MacNab Transit Terminal
I was ten years old when I sat down with my father and a blank piece of paper and tried to calculate exactly how many hours I spend walking to school in a year – I’m twenty now and the memory crosses my mind as I step onto the first bus and ask myself, “how many hours do I spend on this bus?” – hours spent waiting, wondering, wishing – that the ride will end – that the ride won’t end
The first bus is overcrowded with students – like a wallet, fat with money to pay the bills and receipts to remember the first movie you saw together and an extra bus ticket in case you’re out of change and a three-year-old photo strip from the photo booth in the mall you always went to in the town you grew up and a driver’s license to flash at people who want to know if you’re old enough
There are backpacks stuffed with The Iliad – textbooks that explain nuclear magnetic resonance – rolled up paintings that stop the zipper from zipping all the way – slightly crumpled copies of the school paper – a polka-dot printed scarf from my mother in case it gets chilly – and a camera around the neck for those who wonder if everything around them is actually beautiful or if they just have bad taste
I hold onto the rail tightly, shifting my feet so I don’t fall over
I stare out the window and I feel dizzy
I find a seat on the second bus.
Beside a man who mutters to himself and smells like burnt paper.
I can’t make out the words. But he has a red hat that looks remarkably similar to the one I knit for my father in the fourth grade.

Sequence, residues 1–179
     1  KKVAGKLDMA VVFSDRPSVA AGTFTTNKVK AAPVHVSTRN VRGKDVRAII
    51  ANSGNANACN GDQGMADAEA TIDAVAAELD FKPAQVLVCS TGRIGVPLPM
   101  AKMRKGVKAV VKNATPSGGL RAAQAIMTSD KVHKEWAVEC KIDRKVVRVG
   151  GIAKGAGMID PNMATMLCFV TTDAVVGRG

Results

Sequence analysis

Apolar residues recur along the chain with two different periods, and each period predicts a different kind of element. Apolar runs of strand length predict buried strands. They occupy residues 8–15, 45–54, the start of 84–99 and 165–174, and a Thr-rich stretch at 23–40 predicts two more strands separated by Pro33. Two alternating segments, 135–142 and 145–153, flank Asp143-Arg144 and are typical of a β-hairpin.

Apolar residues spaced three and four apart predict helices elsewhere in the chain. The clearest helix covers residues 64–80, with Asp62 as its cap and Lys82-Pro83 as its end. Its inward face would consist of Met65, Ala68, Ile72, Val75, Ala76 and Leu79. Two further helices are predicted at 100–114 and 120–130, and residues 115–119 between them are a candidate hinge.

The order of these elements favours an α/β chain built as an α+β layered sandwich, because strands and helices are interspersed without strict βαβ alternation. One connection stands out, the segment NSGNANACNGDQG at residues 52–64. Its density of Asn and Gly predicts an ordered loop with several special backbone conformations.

Where will this bus take him?
There’s a girl waiting at the next stop. She’s beautiful with autumn-gray eyes and blonde hair and looks like the girl who sat next to me in Canadian Drama the other day. She smells like baby powder.
I help her lift her carriage onto the bus. A baby with the same striking gray eyes looks into my own eyes and smiles. My insides clench somehow.
I have the kind of unsettled feeling you might get when a baby smiles or laughs during a funeral procession. Still laughing when the casket is carried. Then some more when it’s dropped.
Where will this bus take them – mother and child?
It’s ten in the morning and I see boys with tattoo-covered arms fiddling with a lighter and they smell faintly of alcohol.
Where will this bus take them?
I inhale sharply. The gray-eyed-girl leans against a rail and sighs in relief.
I get off at a stop. Any stop.
My body feels as though it’s been flipped on its backside in midair – and my arms, my legs, my fingers – they are all floating away. One by one, knots unraveling and strings snapping.
My heart beats so fast that I’m certain it will grow wings and beat faster and faster and louder and louder until I’m flying. I don’t fly. I remain exactly where I am.
I feel a stillness in my chest and the world goes quiet and the leaves fall as though in slow motion.
I long for snow.
I long for an unmarked, white sheet of snow to blanket this city.
Where am I?
I catch the next bus.
Bahar Orang, Assistant ANDY Editor